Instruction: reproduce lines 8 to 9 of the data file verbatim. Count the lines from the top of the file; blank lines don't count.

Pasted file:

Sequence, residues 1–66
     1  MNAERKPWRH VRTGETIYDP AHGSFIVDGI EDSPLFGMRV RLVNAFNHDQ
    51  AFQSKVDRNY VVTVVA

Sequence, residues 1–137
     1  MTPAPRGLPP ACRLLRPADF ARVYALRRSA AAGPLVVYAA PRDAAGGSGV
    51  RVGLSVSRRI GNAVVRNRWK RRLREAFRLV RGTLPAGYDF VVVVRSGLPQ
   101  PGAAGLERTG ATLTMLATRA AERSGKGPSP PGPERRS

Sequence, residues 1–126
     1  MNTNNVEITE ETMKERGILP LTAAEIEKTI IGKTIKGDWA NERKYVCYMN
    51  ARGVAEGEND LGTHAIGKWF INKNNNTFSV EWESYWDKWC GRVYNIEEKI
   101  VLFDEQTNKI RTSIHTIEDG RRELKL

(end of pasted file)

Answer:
Sequence, residues 1–126
     1  MNTNNVEITE ETMKERGILP LTAAEIEKTI IGKTIKGDWA NERKYVCYMN